Date of Degree

9-2020

Document Type

Dissertation

Degree Name

Ph.D.

Program

Psychology

Advisor

Charles Scherbaum

Committee Members

Kristin Sommer

Harold Goldstein

Yochi Cohen-Charash

Logan Watts

Subject Categories

Industrial and Organizational Psychology | Social Psychology

Keywords

virtual teams; virtual groups; interdependence; emergence; team communication

Abstract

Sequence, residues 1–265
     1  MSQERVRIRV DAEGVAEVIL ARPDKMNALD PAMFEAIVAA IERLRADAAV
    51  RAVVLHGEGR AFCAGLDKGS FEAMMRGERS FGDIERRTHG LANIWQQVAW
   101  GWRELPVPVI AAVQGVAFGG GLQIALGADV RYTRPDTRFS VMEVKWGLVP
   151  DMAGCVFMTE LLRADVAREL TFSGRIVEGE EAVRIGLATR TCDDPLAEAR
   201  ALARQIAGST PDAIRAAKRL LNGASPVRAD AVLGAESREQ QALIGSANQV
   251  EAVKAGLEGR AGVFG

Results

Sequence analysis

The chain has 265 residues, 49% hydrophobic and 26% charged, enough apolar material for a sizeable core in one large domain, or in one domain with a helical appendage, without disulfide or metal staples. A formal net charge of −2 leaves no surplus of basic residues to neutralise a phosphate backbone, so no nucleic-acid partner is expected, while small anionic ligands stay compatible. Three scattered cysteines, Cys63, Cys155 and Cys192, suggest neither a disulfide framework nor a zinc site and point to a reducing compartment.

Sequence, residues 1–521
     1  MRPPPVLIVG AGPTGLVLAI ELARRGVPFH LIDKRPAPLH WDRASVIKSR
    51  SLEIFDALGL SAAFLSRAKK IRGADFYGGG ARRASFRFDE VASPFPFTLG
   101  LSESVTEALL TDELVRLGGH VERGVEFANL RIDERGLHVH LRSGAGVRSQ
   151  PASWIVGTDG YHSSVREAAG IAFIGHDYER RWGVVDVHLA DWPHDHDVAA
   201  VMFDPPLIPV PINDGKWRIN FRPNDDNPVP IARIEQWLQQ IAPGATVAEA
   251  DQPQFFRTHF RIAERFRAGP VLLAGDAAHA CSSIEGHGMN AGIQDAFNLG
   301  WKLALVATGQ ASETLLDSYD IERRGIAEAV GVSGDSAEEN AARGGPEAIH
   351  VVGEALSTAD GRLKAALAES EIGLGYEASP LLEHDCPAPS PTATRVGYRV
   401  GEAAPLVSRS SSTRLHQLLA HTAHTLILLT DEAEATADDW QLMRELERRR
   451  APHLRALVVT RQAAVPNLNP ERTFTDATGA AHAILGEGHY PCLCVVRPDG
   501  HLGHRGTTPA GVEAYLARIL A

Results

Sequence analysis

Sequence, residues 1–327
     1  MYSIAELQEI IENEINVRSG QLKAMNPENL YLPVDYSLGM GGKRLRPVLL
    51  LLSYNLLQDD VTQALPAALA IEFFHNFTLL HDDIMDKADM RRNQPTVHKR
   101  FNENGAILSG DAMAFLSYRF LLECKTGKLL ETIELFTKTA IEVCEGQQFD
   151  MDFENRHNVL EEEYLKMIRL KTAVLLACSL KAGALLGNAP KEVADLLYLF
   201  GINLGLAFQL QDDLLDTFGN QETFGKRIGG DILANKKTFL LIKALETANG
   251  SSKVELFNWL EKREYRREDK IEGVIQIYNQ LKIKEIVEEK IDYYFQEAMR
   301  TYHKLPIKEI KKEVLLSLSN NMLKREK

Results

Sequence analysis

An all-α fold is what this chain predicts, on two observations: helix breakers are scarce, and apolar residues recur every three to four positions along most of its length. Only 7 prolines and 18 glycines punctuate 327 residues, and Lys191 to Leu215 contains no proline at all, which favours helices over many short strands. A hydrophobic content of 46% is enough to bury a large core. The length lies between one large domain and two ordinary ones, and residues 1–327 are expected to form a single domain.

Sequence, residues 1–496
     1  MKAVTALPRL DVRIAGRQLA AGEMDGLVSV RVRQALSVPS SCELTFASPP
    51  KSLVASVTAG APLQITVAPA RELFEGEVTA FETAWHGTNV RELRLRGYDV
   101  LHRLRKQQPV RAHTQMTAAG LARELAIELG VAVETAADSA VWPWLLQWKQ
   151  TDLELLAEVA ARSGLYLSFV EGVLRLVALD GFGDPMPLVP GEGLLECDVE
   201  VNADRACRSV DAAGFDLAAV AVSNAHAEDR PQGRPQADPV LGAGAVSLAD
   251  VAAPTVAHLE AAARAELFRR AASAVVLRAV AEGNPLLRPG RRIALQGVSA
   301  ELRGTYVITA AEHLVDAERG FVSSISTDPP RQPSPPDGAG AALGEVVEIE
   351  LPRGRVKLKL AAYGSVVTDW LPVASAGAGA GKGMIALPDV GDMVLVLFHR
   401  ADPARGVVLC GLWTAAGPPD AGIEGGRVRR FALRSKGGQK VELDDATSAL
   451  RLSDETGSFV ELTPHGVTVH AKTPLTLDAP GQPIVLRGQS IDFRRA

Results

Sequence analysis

Virtual groups and teams are increasingly common in today’s organizations, particularly since the onset of the Covid-19 crisis. However, little is known about how specific design features predict communicative team processes and emergent phenomena in the days immediately following virtual team formation. This dissertation examined the effects of task interdependence (i.e., shared resources) and outcome interdependence (i.e., shared goals and feedback) on task-oriented and relationship-oriented electronic communication between group members and emergent group perceptions over a 5-day experimental simulation. Results showed that while the majority of hypotheses were not supported, three key findings were culled from the analysis. First, virtual groups that were provided shared goals and feedback engaged in substantially more task-oriented and relationship-oriented communication across the length of the simulation than groups that were provided with individual goals and feedback. Second, task-oriented communication between group members predicted the emergence of cognition-based trust and team efficacy over the first 4 days of the simulation. Finally, contrary to expectations, emergence conformed to a nonlinear trajectory over time, as group member attitudes converged from day 2 to day 4 and diverged from day 4 to day 5 of the simulation. Implications and limitations of this research are discussed.

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